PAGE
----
The Buzz About “The Mother Hive”

Last week I read Jack London’s short story, “The Strength of the Strong”, which was a reply to Rudyard Kipling’s attack on Socialism in the form of his short story, “The Mother Hive”.  This week I read “The Mother Hive” and liked it just as well as London’s story.

As the title would suggest, the story’s setting is a bee hive with a certain working order that maintains the life of each individual bee.  One day, a negligent guard bee lets in a dreaded Wax Moth.  Throughout the hive’s existence, the bees have been warned that a Wax Moth that infiltrates their world will destroy their working order and eventually will destroy their world.  The Wax Moth begins to tell the bees that their work and order isn’t necessary, that the traditions of the hive are simply outdated and that the bees could have just as much of a good life by rejecting the traditions with which they have been living.  One bee, Melissa, sees the error of the Wax Moth’s ideas but is unable to prevent the majority of the hive from buying into them.  As a result, the bees end up eating parts of the hive that are not meant to be eaten and giving birth to strangely shaped baby bees which continue to eat the hive.  Melissa is able to persuade only a few bees to secretly raise up a Princess Bee to replace the current corrupted Queen Bee.  As the hive becomes increasingly decayed, the Bee Master eventually burns it while Melissa, the Princess and the few bees in Melissa’s camp “swarm” to the Oak Tree to start a new hive and a new life.

The story is written as a fable, almost a fairy tale, and stands up with the best of them.  It’s beautifully written and is probably one of the best stories by Kipling that I’ve read.  The way he is able to take the natural world and infuse it with a battle for good and evil is amazing.  The burning of the hive by the Bee Master is painted brilliantly in sweeping apocalyptic prose.  I have a feeling that perhaps the politics involved may have in some way kept it from being thought of as a great story in some circles.  I have not done exhaustive research as to the specific circumstances or events that may have prompted Kipling to write this story.  The only information I could come up with was that the story was his attack on Socialistic ideas that he thought were infiltrating his society.  The story itself does not specify the Wax Moth as a Socialist; it simply shows the Wax Moth undermining the traditions that have kept the hive going.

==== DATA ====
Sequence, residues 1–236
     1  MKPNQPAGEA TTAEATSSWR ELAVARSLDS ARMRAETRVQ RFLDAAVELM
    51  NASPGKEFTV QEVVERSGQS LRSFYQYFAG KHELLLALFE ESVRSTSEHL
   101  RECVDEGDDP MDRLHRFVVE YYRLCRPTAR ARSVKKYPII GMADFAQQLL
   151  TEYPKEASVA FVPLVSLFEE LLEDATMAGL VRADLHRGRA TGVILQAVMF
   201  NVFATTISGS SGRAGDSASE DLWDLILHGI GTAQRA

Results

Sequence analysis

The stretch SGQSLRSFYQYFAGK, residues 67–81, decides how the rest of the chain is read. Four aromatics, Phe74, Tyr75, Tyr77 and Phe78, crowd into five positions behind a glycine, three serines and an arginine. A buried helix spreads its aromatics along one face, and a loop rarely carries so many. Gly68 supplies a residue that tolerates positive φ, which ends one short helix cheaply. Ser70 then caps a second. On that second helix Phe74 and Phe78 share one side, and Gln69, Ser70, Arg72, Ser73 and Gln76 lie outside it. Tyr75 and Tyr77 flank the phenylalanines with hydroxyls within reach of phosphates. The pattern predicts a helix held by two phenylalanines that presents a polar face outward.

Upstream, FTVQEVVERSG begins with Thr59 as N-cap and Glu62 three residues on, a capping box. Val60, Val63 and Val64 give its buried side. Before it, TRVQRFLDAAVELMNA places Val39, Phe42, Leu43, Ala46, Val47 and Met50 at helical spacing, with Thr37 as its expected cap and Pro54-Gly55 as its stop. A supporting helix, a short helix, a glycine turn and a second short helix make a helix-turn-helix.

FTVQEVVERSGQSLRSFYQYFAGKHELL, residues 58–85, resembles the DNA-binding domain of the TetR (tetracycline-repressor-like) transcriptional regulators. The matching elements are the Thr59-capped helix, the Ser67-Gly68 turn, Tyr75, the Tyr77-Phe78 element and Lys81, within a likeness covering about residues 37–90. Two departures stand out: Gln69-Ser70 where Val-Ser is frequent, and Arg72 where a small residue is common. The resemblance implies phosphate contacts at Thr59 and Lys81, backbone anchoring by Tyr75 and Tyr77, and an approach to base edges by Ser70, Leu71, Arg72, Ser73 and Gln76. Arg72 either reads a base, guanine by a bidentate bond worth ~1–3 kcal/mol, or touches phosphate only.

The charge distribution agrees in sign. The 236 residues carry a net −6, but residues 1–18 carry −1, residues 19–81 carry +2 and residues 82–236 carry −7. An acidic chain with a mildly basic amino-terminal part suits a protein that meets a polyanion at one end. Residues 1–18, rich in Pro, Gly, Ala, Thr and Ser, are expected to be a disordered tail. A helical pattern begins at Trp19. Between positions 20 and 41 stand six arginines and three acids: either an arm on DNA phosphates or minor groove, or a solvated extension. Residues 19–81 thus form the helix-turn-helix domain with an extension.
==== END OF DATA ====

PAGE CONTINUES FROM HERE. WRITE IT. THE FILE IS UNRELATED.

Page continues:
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If I would recommend these two stories to anyone, I would probably suggest reading “The Mother Hive” first and then read London’s “The Strength of the Strong”.  The idea that Jack London would stand up for socialism was a little surprising to me.  His characters all seem to be rugged individualists that pull themselves up by their boot straps.  It’s difficult to imagine Wolf Larsen in The Sea Wolf as a socialist.  At the same time, I’m reminded that many of London’s rugged individualists end up dead.  I plan on reading biographies of London and of Kipling in the near future, perhaps this will shed some light on their lives and political beliefs.

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